Keith Money described Margot Fonteyn's dancing as 'the still heart at the centre of the universe.'* She certainly had all the attributes of a prima ballerina: grace, simplicity, beauty and fantastic dedication to her art. Like most great artists Fonteyn didn't have an easy life. In fact, hers was more difficult than most. Daneman describes a journey from one opposite to another. Fonteyn left school at fourteen yet became Vice-Chancellor of Durham University in later life. She enjoyed a bohemian life with many love affairs when she was young and single yet she became such a devoted wife that she combined ballet with caring for her husband who was in a wheelchair and retired with him to a remote and primitive farm in Panama. The one thing that was constan…

Get Paid to Blog

In my other life I write freelance articles so getting paid to blog always interests me. One way to do this is to register with
Blogsvertise. Advertisers join Blogsvertise in order to generate publicity and exposure through blogs. Bloggers with the company mention these products and get paid through Paypal.

The first step is to register your blog with
Blogsvertise. If your blog is approved topics are assigned to you. You then write about the website in your blog - you don't have to compliment it. You can write about it in any way that you please but it is a requirement to provide at least three links to the website in your blog post.

If you don't have a blog but you'd like to join
Blogsvertise, the way to do this is to set up a blog using one of the free blogging services recommended by blogsvertise and make some entries. After this you can register with the company.

Advertisers also join the company by registering. They make requests for mentions in blogs.

Chekhov: Scenes from a Life by Rosamund Bartlett

I found the writing in this biography fairly dull and academic in spite of the excellent reviews it received. It's only worth reading if you are extremely interested in Chekhov or in Russian history. This book does does fulfill the author's intentions, i.e. it shows how landscapes affected Chekhov's writing and it provides an excellent background to his plays and short stories. However, I almost gave it up a couple of times. The eloquent and luminous extracts from Chekhov's own writing were, of course, wonderful but it would be unfair to compare those with an academic biography.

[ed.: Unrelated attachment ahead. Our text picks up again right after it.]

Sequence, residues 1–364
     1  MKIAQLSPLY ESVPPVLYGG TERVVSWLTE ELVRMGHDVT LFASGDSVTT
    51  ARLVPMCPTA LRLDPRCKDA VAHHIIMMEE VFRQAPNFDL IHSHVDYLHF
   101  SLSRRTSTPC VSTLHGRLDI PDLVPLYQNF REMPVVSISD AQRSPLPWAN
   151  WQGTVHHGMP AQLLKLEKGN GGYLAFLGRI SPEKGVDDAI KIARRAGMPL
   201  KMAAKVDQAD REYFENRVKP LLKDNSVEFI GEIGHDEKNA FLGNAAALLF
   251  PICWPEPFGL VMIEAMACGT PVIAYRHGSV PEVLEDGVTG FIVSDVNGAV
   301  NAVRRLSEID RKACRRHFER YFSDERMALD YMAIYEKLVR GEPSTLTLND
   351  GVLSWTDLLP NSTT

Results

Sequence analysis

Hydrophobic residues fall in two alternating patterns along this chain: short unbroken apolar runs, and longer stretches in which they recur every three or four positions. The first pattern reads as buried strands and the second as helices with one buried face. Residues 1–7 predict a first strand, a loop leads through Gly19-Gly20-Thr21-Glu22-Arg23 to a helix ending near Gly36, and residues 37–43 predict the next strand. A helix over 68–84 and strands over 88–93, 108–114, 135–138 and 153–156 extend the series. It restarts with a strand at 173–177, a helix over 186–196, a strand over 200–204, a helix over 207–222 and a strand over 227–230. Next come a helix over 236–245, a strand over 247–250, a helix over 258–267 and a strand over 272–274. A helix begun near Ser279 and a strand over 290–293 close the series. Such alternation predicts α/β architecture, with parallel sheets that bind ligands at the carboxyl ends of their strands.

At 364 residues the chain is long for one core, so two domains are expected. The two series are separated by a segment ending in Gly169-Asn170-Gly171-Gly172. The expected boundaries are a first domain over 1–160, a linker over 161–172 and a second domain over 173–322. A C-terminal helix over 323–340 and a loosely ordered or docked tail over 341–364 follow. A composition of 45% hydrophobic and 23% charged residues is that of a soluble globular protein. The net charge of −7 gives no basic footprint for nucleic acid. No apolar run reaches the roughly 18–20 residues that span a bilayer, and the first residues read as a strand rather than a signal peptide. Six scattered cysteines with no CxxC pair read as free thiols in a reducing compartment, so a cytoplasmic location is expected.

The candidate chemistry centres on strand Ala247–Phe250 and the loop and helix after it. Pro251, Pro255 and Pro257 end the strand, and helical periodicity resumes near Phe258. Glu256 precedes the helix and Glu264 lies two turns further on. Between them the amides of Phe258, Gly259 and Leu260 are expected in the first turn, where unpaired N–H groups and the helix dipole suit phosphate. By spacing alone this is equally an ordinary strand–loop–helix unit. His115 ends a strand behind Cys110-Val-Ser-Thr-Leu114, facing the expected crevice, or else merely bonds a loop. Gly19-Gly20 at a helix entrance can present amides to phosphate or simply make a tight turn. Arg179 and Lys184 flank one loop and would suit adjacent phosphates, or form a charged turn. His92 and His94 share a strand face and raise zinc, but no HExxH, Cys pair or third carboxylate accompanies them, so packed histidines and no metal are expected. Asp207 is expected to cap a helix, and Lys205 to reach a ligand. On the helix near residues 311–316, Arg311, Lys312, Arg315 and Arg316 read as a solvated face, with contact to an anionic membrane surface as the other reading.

Chekhov led a very interesting life even though he sadly contracted TB at the young age of 24. He came from a relatively wealthy merchant family in the southern town of Taganrog, but the family fell on hard times when he was quite young. This didn't deter the clever young man from winning a scholarship to study medicine in Moscow and writing in his spare time to help finance his studie…

One of the Best Historical Novels: Katherine by Anya Seton

In spite of my fiance calling them 'hysterical novels' I love to read good historical novels. I read that Alison Weir, the historian, was actually inspired by this one when she was young which justified my liking for them!

Anya Seton used to be one of my favourite authors and I read all of her books a long time ago. Katherine is one of her best and I still enjoyed it very much when I re-read it recently. Set in medieval times, it is a moving love story based on the true story of Katherine Swynford and John of Gaunt. It is thoroughly researched and well-written and although I am not a medieval history expert I couldn't find any glaring historical mistakes. The descriptions of the settings and clothes are incredibly detailed and Anya Seton's writing really does take the reader into the world of medieval England. The fact that Chaucer is one of the main characters makes the book more interesting. There are also no jarring modern expressions. (I read a historical novel…

The Excellent Wife: Sonya: The Life of Countess Tolstoy